I heard ‘The Idiot’ last. This record took longer to seep deep into my bones. Big departure from what I’d grown up on to that point, but I trusted their instincts. Before actually hearing it, I’d read in Iggys ‘I Need More’ book that they were mostly Bowie arrangements with Iggy chiming in his nihilistic poetry and ad libs. I thought I was ready for it. So when ‘Sister Midnight’ kicked in like the depraved evil twin of ‘Fame’, it was clear it was gonna be an awkward journey through Bowie’s coke-ravaged musical psyche, just with Iggy, fresh from the asylum, as the (mis)trusted co-pilot. I love how its cold monotony almost smothers it’s funk pulse (Low Life turf), but it’s there, as is Iggy’s, reanimated from his death tripping scumfuck years, just without all the mania pushing his voice to its limits. Yep, less was finally more here (more Low Life vibe too). The rest of the album stays icy, but with beautiful, fleeting hooks on ‘Baby’ and ‘China Girl’.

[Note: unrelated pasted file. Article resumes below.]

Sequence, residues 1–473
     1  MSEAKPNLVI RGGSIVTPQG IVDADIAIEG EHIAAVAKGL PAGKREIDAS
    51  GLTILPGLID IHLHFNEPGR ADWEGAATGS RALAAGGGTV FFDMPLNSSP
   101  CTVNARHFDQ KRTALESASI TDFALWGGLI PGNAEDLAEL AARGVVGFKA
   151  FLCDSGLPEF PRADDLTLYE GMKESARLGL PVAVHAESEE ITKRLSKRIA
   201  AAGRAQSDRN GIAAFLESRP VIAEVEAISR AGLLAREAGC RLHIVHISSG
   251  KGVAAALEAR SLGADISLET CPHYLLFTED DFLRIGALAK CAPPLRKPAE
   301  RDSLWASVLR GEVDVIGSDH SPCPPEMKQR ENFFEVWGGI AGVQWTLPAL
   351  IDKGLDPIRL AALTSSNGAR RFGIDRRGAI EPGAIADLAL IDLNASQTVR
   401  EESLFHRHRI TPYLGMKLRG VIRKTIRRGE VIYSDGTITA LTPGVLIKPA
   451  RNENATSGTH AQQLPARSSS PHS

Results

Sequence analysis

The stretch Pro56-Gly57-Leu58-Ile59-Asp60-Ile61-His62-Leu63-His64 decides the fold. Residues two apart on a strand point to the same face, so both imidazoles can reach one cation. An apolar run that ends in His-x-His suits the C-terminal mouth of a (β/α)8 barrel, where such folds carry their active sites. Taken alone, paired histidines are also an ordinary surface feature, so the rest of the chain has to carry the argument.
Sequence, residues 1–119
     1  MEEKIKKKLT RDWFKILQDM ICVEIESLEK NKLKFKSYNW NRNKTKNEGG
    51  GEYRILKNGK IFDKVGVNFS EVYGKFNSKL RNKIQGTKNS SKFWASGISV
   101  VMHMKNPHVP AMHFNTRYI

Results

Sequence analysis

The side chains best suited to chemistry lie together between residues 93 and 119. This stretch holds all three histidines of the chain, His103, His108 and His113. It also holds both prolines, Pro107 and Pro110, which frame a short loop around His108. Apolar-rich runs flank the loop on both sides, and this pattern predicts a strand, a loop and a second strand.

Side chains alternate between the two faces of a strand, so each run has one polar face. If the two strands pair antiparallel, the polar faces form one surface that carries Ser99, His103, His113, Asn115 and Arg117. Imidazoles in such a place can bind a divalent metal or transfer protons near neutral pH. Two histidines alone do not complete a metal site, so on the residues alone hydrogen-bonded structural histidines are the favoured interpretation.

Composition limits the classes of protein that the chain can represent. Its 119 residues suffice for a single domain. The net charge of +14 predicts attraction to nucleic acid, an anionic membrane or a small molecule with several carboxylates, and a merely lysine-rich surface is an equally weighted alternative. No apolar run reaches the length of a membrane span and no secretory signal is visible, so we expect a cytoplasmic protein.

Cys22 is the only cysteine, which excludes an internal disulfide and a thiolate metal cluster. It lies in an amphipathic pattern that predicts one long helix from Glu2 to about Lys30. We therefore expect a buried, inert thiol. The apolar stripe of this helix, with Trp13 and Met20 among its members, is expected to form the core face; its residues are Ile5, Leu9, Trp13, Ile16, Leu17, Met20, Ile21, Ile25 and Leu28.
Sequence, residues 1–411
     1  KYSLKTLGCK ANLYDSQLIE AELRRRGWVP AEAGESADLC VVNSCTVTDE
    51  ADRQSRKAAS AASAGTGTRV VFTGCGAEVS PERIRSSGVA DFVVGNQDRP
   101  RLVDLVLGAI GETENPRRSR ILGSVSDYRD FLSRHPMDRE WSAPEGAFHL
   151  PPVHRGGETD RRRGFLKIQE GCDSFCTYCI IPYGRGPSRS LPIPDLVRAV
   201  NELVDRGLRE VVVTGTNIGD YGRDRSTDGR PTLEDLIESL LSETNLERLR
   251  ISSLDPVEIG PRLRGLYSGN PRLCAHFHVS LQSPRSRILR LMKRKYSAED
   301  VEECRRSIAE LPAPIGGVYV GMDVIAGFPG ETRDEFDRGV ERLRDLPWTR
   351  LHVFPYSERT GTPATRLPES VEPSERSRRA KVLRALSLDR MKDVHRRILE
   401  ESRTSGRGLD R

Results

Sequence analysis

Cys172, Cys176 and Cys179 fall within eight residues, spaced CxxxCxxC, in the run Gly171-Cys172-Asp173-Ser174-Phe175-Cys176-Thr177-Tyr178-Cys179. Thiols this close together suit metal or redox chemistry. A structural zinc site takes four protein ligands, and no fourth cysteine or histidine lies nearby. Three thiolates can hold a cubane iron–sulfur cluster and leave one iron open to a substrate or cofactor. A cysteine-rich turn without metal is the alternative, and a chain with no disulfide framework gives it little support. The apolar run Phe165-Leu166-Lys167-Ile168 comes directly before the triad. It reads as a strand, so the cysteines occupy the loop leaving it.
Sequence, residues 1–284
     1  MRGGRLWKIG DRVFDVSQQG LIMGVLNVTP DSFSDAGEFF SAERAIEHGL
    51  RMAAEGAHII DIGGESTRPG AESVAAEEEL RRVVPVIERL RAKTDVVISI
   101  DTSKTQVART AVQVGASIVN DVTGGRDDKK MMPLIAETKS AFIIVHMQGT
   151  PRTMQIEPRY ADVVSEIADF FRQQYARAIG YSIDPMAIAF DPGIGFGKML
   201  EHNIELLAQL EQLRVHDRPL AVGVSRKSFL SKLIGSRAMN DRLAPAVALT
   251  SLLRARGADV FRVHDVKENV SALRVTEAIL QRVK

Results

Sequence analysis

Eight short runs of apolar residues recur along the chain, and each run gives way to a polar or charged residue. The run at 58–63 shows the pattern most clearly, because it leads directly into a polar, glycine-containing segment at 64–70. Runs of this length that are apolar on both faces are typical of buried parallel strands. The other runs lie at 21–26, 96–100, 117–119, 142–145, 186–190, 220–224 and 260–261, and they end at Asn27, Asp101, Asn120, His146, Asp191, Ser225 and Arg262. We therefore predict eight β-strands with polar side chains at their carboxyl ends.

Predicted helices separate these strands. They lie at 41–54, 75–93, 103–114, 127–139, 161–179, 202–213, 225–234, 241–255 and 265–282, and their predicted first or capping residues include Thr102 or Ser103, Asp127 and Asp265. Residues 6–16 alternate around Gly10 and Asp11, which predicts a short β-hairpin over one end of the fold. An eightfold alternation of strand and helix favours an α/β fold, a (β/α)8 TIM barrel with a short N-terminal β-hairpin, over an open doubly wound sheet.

‘Nightclubbing’ still washes over like a heavily tranquillised cabaret number, squinting west through a glory hole in the old Iron Curtain at all the fake, sexy madness swanning around. Uncomfortable, but at peace, piling out in its own warm fluids. Great song.
‘Mass Production’ is an almighty closer. Building and writhing into almost David Lynch creep territory. An unnerving loop of self loathing & cruelty (LL anyone?) and oppressive, unrelenting head-in-a-greasy-vice synth that essentially does the job of squeezing any remnants of Dum-Dum-Motor-City guitar muscle out of Iggy (for some decades anyway) and any poor, unsuspecting, punker-wanna-be (young me included) who sat through a listen, axe at the ready, impatiently waiting in vain for some kind, any kind of ‘Extra’, ‘Rawer’ or ‘Furthermore’ fucking power. It’s brave. Glad I persisted with it.